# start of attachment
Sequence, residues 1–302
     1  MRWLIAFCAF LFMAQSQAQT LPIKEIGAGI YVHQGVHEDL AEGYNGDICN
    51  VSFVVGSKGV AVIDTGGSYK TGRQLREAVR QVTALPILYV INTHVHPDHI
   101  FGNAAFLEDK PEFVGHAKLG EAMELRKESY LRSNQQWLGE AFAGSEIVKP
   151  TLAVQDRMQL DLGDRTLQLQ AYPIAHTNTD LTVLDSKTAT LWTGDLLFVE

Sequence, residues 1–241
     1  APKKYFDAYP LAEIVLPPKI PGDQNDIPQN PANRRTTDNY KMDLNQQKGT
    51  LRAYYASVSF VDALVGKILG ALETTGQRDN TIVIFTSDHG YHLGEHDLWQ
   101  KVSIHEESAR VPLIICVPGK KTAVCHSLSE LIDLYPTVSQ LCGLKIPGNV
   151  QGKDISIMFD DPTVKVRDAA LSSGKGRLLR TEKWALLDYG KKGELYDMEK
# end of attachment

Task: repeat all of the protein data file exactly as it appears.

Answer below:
Sequence, residues 1–302
     1  MRWLIAFCAF LFMAQSQAQT LPIKEIGAGI YVHQGVHEDL AEGYNGDICN
    51  VSFVVGSKGV AVIDTGGSYK TGRQLREAVR QVTALPILYV INTHVHPDHI
   101  FGNAAFLEDK PEFVGHAKLG EAMELRKESY LRSNQQWLGE AFAGSEIVKP
   151  TLAVQDRMQL DLGDRTLQLQ AYPIAHTNTD LTVLDSKTAT LWTGDLLFVE

Sequence, residues 1–241
     1  APKKYFDAYP LAEIVLPPKI PGDQNDIPQN PANRRTTDNY KMDLNQQKGT
    51  LRAYYASVSF VDALVGKILG ALETTGQRDN TIVIFTSDHG YHLGEHDLWQ
   101  KVSIHEESAR VPLIICVPGK KTAVCHSLSE LIDLYPTVSQ LCGLKIPGNV
   151  QGKDISIMFD DPTVKVRDAA LSSGKGRLLR TEKWALLDYG KKGELYDMEK